Isabelle Zevallos, left, and her sister, Gabrielle Zevallos, flank medical student Rachel Rocray, who is teaching them the finer points of suturing.
Isabelle Zevallos, left, and her sister, Gabrielle Zevallos, flank medical student Rachel Rocray, who is teaching them the finer points of suturing.
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Bienvenidos a Dia Hispano: Welcome to Hispanic Day

Published on Monday, March 13, 2023

By: Gary Pettus,

Photos By: Jay Ferchaud/UMMC Photography

Angela Sarat Sontay angled the colored tips of the auto-injector just so – blue to the sky, orange to the thigh – and thrust the needle into Roberto’s flesh.

As the 16-year-old admitted later, she was “nervous” while administering the simulated jolt of epinephrine; but if Roberto had been a man instead of a manikin, she might have saved his life.

It was a first for Angela, this serious imitation drama staged in a School of Medicine simulation lab at the University of Mississippi Medical Center; still, the Morton High School junior comes to the aid of actual living, breathing patients all the time: She speaks for them.

At their request, Angela translates for residents of her Spanish-speaking community, accompanying them to Scott County’s doctor’s and dentist’s offices – a responsibility that “makes me feel very useful and very happy,” she said.

As it happened, “feeling useful and happy” could have been the theme for an event that drew Angela and another 99 or so Mississippi high school and college students to UMMC this month: the School of Medicine’s first-ever Hispanic Day.

The invitees traveled from as far away as Tupelo, a three-hour drive, to learn, among other things, how to suture, perform CPR, accomplish airway management, detect a heart murmur, and rescue Roberto from anaphylactic shock.

As speakers, guides and presenters for the March 3 event took pains to suggest, travelers on the road to usefulness and happiness are often beckoned by health care careers – professions that beg for more providers with ties to, and an empathy for, patients from Hispanic communities.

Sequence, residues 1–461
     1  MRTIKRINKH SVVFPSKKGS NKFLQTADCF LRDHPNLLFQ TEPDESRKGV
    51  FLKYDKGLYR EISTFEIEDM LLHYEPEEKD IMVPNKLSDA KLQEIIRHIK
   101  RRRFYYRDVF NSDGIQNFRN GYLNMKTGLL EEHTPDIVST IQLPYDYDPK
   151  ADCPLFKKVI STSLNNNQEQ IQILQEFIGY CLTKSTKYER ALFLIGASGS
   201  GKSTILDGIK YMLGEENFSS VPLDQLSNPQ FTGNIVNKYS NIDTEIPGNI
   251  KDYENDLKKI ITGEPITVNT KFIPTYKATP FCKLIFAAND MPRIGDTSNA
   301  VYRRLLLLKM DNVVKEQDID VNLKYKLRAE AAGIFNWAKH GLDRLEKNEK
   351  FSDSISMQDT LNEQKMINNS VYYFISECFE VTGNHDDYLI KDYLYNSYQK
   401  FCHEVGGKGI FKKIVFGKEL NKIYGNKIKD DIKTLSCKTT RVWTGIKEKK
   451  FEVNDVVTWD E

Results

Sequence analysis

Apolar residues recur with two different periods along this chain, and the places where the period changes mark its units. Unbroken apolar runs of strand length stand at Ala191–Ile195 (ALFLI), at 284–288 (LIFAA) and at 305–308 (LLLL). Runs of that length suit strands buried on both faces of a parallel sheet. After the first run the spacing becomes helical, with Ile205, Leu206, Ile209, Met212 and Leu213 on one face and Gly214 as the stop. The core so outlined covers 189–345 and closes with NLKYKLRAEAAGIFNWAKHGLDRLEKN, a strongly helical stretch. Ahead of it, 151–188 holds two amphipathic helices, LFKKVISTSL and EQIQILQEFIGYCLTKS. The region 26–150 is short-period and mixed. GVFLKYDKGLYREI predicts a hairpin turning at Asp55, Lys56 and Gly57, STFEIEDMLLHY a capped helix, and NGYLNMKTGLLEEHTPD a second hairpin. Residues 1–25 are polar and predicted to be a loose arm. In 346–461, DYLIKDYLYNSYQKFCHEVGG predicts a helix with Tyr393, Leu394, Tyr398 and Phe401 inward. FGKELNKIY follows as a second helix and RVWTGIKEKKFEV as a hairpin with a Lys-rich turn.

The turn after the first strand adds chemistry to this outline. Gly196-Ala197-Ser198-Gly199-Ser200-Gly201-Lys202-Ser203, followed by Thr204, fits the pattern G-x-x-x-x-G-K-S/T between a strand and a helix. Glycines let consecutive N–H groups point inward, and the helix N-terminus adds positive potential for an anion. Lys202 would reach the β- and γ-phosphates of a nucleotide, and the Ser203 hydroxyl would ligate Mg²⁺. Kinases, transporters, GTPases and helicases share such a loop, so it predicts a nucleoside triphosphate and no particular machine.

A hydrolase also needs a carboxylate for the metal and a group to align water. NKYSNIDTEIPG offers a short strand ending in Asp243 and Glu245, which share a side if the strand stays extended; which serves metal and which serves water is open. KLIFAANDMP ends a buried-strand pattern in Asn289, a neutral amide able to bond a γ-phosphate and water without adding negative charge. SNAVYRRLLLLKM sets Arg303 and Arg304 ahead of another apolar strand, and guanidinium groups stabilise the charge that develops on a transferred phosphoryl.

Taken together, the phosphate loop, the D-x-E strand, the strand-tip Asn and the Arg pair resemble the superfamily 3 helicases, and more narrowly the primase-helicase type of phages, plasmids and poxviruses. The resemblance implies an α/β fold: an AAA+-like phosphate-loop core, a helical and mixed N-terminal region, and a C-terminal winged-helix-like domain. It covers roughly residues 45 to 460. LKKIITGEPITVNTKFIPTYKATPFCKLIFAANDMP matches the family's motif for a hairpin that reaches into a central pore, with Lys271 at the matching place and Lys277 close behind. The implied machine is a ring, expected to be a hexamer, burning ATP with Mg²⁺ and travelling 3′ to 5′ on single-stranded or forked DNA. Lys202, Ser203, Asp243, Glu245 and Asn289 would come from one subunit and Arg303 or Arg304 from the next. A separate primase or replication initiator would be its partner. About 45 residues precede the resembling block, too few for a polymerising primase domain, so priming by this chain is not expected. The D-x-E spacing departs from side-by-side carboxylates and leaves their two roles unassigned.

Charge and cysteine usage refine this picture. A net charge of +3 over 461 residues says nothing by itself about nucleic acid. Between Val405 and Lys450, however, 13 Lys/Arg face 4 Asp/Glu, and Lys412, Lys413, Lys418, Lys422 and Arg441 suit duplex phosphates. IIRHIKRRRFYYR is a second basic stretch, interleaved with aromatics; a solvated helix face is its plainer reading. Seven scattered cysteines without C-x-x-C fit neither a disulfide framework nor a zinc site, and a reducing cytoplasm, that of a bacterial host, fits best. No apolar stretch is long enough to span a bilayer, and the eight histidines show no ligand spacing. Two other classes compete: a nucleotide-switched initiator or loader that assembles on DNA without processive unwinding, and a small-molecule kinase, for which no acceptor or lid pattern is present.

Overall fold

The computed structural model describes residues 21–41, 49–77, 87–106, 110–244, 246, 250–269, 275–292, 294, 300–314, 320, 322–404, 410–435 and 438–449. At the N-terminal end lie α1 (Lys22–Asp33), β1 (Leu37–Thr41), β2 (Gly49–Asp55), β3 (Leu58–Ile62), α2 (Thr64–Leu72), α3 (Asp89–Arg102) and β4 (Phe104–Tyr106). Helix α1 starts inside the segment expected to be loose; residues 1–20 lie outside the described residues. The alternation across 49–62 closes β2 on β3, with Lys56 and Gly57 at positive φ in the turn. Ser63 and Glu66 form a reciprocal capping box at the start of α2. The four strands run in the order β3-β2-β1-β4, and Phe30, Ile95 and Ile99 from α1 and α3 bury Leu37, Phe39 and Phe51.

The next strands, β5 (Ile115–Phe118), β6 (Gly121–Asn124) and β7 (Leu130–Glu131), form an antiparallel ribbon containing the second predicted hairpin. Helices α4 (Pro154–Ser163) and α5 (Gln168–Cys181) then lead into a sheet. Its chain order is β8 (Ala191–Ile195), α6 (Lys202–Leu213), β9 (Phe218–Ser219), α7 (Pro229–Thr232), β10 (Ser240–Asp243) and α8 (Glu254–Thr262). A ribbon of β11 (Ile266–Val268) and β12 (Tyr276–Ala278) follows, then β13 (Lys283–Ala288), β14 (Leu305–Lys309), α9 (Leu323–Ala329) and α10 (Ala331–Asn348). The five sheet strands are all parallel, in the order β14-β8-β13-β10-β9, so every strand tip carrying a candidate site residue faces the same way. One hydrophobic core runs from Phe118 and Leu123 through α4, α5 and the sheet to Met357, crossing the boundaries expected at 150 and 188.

To that point: By 2034, the U.S. will have a “deficit” of 113,758 Hispanic physicians, claims a study published last year. In Mississippi, the Hispanic/Latino population represents 3.5 percent of the total, or around 103,000 residents, per U.S. Census Bureau estimates.

Portrait of Licy Yanes Cardozo
Yanes Cardozo

No wonder, then, that Dr. Licy Yanes Cardozo greeted the visiting students with: “Buenos dias! Me encanta ver tanta gente hoy aca; realmente es emocionante para mi.”: “Good morning! I love to see so many people here today; this is really exciting for me!”

She brought that excitement to bear as she told her personal story. “My family believed that education was the only way for me to get out of the cycle of poverty,” said Yanes Cardozo, who grew up in Paraguay. Today, she is an associate professor of cell and molecular biology and an associate professor of medicine-endocrinology at UMMC.

Like her, many of the students she welcomed are from families whose relatives may speak mostly, or only, Spanish. The students speak both.

By saluting them in her native language, Yanes Cardozo was acknowledging the bilingual character of her audience – an attribute that would serve them, and their future patients, well. “We have data showing that when patients follow up with a physician of their same culture, they do better,” she said.

“So, we need you for exactly who you are,” she implored her listeners. “We need your energy, your dreams, your passion.”

Portrait of Felipe Pubillones

As a member of a Hispanic Day health care panel, Dr. Felipe Pubillones, for one, took on the topic of translation as well.